Olle Bærtling Asamk, proposal for sculpture for Sergels torg,

Olle Bærtling Asamk, proposal for sculpture for Sergels torg, Stockholm, 1961. Not realised. Photo montage in scale by Albin Dahlström/Moderna Museet.

The right proportions. On Olle Bærtling’s monumental projects

“Everything is movement, everything moves. There is no stable point in the universe.” The words are from the introduction to Olle Bærtling’s “Prologue from a Manifesto for Open Form” and reveal both the artist’s fascination for space and for phenomena such as motion and speed. The quote is also indicative of the era that shaped his approach to art.

In the period after the Second World War people envisioned a new future, where the regeneration of central Stockholm was the biggest Swedish project. The top priority was traffic; everything possible should be done to facilitate access for cars. A utopian world where outer space was the next stop was within reach. Development was already halfway into the future, people felt, a future that demanded new shapes and new art.

Olle Bærtling and David Helldén, the architect who designed the tall buildings at Hötorget in Stockholm, had collaborated in the late-1950s in designing the entrance lobby for the first building (the one right by Hötorget). The walls of this complex space were completely covered with Bærtling’s characteristic paintings, creating a dazzling unity in which architecture and painting are merged. Bærtling and Helldén called the lobby “the aesthetic space” and it is still there to be seen, after slight refurbishment.

Encouraged by this collaboration, Olle Bærtling sketched a sculpture for the super-ellipsis on the planned Sergels torg plaza (which celebrates its 40th anniversary in 2007). After a few drafts, he settled for Asamk, a monumental sculpture measuring 84.7 metres, or rather, a 77-metre sculpture on a 7.7-metre base, that would “shoot off into space”. In its design, Asamk is typical of Bærtling’s sculptures: it is comparable to the outlines in his paintings that appear to have moved away from the fields of colour.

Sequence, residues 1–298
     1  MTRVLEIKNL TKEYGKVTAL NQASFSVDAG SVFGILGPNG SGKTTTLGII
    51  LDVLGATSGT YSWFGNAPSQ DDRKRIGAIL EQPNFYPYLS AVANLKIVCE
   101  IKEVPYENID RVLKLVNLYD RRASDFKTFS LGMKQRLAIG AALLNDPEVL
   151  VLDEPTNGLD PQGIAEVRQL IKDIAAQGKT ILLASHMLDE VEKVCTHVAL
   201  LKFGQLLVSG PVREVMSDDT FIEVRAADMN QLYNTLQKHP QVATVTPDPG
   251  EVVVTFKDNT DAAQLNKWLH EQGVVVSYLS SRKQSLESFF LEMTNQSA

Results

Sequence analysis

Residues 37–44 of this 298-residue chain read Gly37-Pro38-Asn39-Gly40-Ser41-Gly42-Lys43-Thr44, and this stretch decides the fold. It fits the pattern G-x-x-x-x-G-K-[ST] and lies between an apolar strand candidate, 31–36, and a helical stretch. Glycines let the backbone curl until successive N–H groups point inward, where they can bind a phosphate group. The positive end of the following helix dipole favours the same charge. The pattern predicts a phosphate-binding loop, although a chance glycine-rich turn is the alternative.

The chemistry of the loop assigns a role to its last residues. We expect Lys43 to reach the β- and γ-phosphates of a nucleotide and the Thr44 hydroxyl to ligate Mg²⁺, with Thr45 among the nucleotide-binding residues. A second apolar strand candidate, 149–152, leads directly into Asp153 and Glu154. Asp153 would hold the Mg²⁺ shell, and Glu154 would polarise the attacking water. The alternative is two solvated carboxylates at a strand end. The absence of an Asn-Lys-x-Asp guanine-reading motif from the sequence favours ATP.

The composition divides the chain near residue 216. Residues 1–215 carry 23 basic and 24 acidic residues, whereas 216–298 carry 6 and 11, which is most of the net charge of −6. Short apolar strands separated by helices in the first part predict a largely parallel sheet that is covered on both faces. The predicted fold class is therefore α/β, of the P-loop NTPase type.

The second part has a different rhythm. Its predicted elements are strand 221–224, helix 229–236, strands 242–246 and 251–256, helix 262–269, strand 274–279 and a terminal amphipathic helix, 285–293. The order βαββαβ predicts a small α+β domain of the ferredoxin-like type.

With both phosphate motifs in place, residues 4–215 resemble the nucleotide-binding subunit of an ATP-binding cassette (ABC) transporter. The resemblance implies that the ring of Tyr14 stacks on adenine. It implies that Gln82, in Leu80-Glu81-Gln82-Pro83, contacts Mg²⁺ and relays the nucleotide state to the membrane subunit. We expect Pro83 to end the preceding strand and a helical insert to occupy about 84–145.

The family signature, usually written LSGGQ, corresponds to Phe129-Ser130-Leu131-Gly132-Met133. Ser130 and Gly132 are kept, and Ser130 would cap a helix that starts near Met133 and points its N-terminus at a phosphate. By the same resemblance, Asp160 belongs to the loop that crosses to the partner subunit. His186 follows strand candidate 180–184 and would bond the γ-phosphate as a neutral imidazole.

Olle Bærtling produced Asamk in one-tenth of the intended size, a 7.7 metre “model” that was shown in the Aspects exhibition at Liljevalchs konsthall in 1961, and which will be standing outside the Moderna Museet entrance throughout this exhibition (it normally stands outside the Museum of Sketches in Lund). He also made a 1:50 model of the sculpture, which was placed and photographed in the large model of the plans for Sergels torg. That was the closest Asamk ever got to being realised. In 1962, the City of Stockholm launched a competition to design a sculpture for Sergels torg. Seven artists were invited to participate, but not Bærtling. The winner was Edvin Örström’s glass obelisk.

The story of Asamk is characterised by a conflict between an artist’s vision and a clay-footed, conservative society (although, compared to our times, one can only say that it was radical and progressive). In later interviews, Bærtling repeatedly referred to the petty-minded attitude he experienced in Sweden and rarely missed an opportunity to mention the far more open-minded attitude abroad, not least in the USA and West Germany, where they showed greater interest in his monumental projects. Nevertheless, he continued to plan monumental sculptures for Sweden, especially the Stockholm region. He envisioned a 73-metre version of Xyya placed on top of the Wenner-Gren Center, and an incredible 525-metre Yayo rising from the waters of Riddarfjärden.